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30 April 2021

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What does 5G mean for construction sites and how can it improve industry building methods?

PJ Farr, Managing Director of UK Connect, explains what 5G means for construction sites and how it can improve industry building methods. 

Poor connectivity has remained a thorn in the side of UK business and industry for some time, and remains one of the major barriers to full ‘digital adoption’. Nowhere is this more apparent than in the construction sector. Every site needs internet access these days, but getting a cabled connection can be fraught with difficulty and delay, and on some remote projects it is simply not viable. The alternative is typically to use mobile connection over the 4G network, but this option can offer slow speeds that make all but the most basic tasks, such as email, unusable.

On the brink of a revolution in connectivity

Over the next 12 months, we can expect to see major developments in the UK’s 5G network. With 5G connectivity, mobile devices can download data as quickly as 753 gigabytes per second1, much quicker than the average wired connection, which currently operates at a sluggish 35mps2. For those areas where 5G is not available, we will see 4G LTE speeds increase, with network coverage likely to improve over the next decade. And finally, to improve the connection between devices on-site, Wi-Fi 6 has now become available – which can deliver streaming and upload speeds some 250% faster than its predecessor.

Wi-Fi 6, 5G and 4G LTE are complementary technologieswhich will allow more UK construction sites to fully harness the advantages strong connectivity offers, from increased productivity and lower environmental impact to better on-site health and safety.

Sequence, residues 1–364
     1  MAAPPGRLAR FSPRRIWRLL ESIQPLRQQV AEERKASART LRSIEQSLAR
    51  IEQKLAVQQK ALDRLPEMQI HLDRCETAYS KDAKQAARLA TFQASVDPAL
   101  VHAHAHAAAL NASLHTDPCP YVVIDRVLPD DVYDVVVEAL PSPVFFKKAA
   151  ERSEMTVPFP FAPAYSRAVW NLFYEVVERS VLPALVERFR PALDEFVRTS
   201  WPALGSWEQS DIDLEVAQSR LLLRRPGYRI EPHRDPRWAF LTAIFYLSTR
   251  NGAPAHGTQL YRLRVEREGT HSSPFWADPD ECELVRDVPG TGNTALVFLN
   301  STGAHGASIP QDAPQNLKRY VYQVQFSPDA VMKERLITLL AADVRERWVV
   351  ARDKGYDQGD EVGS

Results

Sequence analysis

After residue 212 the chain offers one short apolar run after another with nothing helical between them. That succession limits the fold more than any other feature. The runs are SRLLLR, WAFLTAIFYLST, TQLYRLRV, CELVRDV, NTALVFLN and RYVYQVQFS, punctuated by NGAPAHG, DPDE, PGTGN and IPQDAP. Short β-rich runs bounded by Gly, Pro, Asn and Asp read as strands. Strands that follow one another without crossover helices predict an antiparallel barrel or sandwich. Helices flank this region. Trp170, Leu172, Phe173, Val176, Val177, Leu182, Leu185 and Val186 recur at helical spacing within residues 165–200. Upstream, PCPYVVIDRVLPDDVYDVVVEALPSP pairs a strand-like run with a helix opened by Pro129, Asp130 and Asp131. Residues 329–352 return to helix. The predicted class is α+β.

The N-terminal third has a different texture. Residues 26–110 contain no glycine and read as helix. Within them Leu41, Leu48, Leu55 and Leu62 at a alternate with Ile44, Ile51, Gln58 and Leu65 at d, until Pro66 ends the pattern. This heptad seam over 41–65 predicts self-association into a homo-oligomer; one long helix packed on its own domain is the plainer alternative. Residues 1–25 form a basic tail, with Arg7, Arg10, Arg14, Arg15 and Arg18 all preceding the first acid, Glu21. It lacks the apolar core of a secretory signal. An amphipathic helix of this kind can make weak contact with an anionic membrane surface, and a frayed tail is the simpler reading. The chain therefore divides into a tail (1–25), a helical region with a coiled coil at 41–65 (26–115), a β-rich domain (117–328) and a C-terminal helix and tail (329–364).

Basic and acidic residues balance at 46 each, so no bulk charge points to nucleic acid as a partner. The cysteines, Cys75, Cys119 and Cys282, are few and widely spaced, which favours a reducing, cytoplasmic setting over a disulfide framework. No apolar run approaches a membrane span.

Connecting in the ether

With the advancement of digital tools and the invention of new ones, connectivity is becoming a bigger issue. Large files, such as those for annotated BIM Models or Revit files need to be accessed instantaneously. The download speeds offered by 5G and 4G LTE make accessing and working with such files over mobile networks a possibility. This can help speed up the construction process, as changes and queries can be logged, acknowledged and addressed faster, preventing delays to work that could potentially impact programmes and ultimately costs.

What’s more, having the ability to download updates instantaneously each time a change to the model or plan is made, reduces the need for repetitive journeys to site. Not only does this increase efficiency, it also reduces carbon emissions from travel.

Realising the potential of AI

AI is starting to play a greater role within the contemporary construction site, helping to drive improvements in both safety and security. The ability to monitor on-site vehicle traffic and machinery use, gives site managers a greater degree of control.

AI-equipped transport that only permits motion once it’s safe and AI-backed CCTV cameras, that identify unauthorised site staff or workers not wearing correct PPE, are now in development. It is also improving energy efficiency with an ability to track and shut down machinery left unattended for a length of time or not in use.

This scenario will only be achievable with full-site connectivity, using the latest capabilities offered by 4G LTE, 5G and Wi-Fi 6 combined. This will be essential to manage the large number of data-heavy IoT (Internet of Things) devices necessary to deliver the full AI.

Futureproofing for Smarter Cities

Equipping sites with super-fast connectivity could even provide contractors with a new commercial opportunity. The networks put in place to aid the construction process could be retained with the contractor becoming the owner and manager of a micro-network in a finished building, leasing internet connection to the occupants. Having the right connectivity solutions in place during the build phase could make this goal achievable with minimal extra cost.

As adoption of 5G starts to pick up pace and, no doubt providers and policy makers start to incentivise the market, construction businesses should really be grasping the nettle. Soon companies may find themselves having to prove their ‘tech credentials’ before taking on contracted work. If that’s the case, ensuring full-site connectivity now rather later is the only solution.

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